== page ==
Student Interest in AI, Machine Learning is Accelerating

Student Interest in AI, Machine Learning is Accelerating

That is good news for students because it means that more schools will inevitably start offering this kind of coursework.

Additionally, it is good for employers desperate for A.I. and machine learning experts, because it means that the pool of talent will likely expand over the upcoming few years because these students enter the workforce.

At Stanford itself, registration in the college’s”Introduction to Artificial Intelligence” class has increased”fivefold” between 2012 and 2018, according to the report. That’s not even the fastest uptake: At the University of Illinois at Urbana-Champaign, an”Introduction to Machine Learning” route grew twelvefold between 2010 and 2018, with the most significant part of that spike happening after 2015.

Self-directed online learning A.I.-related topics have also picked up; the record draws on information from Udacity, among these online learning platforms, which saw climbing enrollment in five A.I./machine learning courses over the past couple of decades.

As you might expect, the number of PhD students specializing in A.I. and machine learning has also accelerated over the past couple of decades. “AI is the most popular PhD speciality for calculating PhD grads and continues growing the fastest,” the report adds. “In 2018, over 21 per cent of graduating computing PhDs specialize in Artificial Intelligence/ Machine Learning.”

Moreover, a number of these PhD grads are going directly to private companies, instead of staying in academia: “The per cent of graduating AI PhDs going to business increased from 21 per cent in 2004 to over 62% in 2018.”

And wouldn’t a hefty part of recently minted PhDs proceed to the commercial realm, given the wages and perks on offer to all those A.I. and machine learning specialists with the right mixture of skills? As an example, LinkedIn’s 2020 Emerging Jobs Report (PDF) sets”Artificial Intelligence Specialist” because its number-one emerging job, together with 74 per cent yearly growth over the past four decades.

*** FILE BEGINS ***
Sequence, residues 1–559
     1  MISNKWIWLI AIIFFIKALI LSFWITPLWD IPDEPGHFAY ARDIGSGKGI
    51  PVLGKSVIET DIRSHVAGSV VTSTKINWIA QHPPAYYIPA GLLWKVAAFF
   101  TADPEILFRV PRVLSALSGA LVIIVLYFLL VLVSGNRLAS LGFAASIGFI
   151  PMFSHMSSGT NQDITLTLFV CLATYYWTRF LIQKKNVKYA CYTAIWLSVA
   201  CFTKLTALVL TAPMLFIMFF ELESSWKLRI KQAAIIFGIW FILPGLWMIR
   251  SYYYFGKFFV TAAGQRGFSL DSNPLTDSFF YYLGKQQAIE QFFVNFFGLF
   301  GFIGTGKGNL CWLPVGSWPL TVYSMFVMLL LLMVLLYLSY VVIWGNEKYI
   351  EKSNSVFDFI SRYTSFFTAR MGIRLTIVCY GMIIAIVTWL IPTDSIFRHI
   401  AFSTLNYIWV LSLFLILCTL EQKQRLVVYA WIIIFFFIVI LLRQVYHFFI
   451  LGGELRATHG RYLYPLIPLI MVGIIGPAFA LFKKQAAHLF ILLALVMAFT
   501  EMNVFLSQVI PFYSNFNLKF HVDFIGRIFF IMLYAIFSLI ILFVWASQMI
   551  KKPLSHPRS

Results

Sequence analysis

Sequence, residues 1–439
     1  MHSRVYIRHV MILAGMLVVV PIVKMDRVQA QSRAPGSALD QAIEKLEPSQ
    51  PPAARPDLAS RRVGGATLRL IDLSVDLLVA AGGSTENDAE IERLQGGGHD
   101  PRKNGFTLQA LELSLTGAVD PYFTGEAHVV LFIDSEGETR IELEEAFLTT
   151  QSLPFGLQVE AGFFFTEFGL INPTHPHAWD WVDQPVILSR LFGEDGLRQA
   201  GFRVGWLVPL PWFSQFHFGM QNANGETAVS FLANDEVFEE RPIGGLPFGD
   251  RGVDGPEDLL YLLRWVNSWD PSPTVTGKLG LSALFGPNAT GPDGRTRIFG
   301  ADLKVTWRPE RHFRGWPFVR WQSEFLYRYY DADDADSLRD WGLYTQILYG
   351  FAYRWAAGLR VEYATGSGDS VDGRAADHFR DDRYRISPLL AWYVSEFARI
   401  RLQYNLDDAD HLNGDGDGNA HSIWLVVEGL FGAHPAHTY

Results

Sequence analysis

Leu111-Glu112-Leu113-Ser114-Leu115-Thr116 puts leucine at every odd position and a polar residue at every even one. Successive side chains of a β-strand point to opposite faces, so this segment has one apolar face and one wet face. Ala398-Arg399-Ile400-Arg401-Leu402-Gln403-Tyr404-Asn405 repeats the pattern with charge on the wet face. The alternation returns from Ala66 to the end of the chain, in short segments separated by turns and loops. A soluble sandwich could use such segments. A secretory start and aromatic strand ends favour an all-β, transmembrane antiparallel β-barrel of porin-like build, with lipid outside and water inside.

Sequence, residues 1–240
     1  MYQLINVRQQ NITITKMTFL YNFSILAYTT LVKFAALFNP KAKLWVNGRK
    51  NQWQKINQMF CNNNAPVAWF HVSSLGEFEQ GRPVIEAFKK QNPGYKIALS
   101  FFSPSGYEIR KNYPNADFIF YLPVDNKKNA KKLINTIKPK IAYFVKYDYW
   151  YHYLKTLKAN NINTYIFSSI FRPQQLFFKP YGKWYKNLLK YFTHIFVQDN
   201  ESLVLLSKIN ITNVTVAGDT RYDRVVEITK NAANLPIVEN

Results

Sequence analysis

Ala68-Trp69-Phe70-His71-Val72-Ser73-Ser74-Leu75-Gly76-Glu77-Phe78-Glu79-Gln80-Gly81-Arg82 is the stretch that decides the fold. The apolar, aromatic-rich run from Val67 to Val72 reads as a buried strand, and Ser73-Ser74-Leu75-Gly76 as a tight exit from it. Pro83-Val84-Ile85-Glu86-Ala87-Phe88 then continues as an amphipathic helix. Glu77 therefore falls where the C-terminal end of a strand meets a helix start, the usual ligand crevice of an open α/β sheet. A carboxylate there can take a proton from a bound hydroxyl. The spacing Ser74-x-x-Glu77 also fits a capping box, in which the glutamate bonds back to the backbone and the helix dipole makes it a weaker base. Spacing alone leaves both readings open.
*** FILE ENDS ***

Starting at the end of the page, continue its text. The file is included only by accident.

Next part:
A.I. jobs are, as you may anticipate, pretty lucrative and increasingly offered. Burning Glass, that analyzes millions of job postings from across the U.S., jobs that jobs between A.I. will rise 40.1 per cent over the next decade. Even though the median salary for these positions is $105,007 (for people who have a PhD, it drifts up to $112,300), those who work in A.I. obviously make much more.

Since A.I. and machine learning become more ubiquitous, the demand for A.I. education will only increase. Regardless of your role, getting familiar with the concepts behind A.I./ML is only going to help you in the years ahead. “Our analysis indicates that A.I. will be a significant factor in the future lives of relatively well-paid managers, supervisors, and analysts,” read a recent report from the Brookings Institution about the impact of A.I. on projects. “Also vulnerable are mill workers, who are well-educated in many occupations, in addition, to heavily involved with A.I. on the store floor. A.I. may be much less of a factor in the job of most lower-paid service workers.

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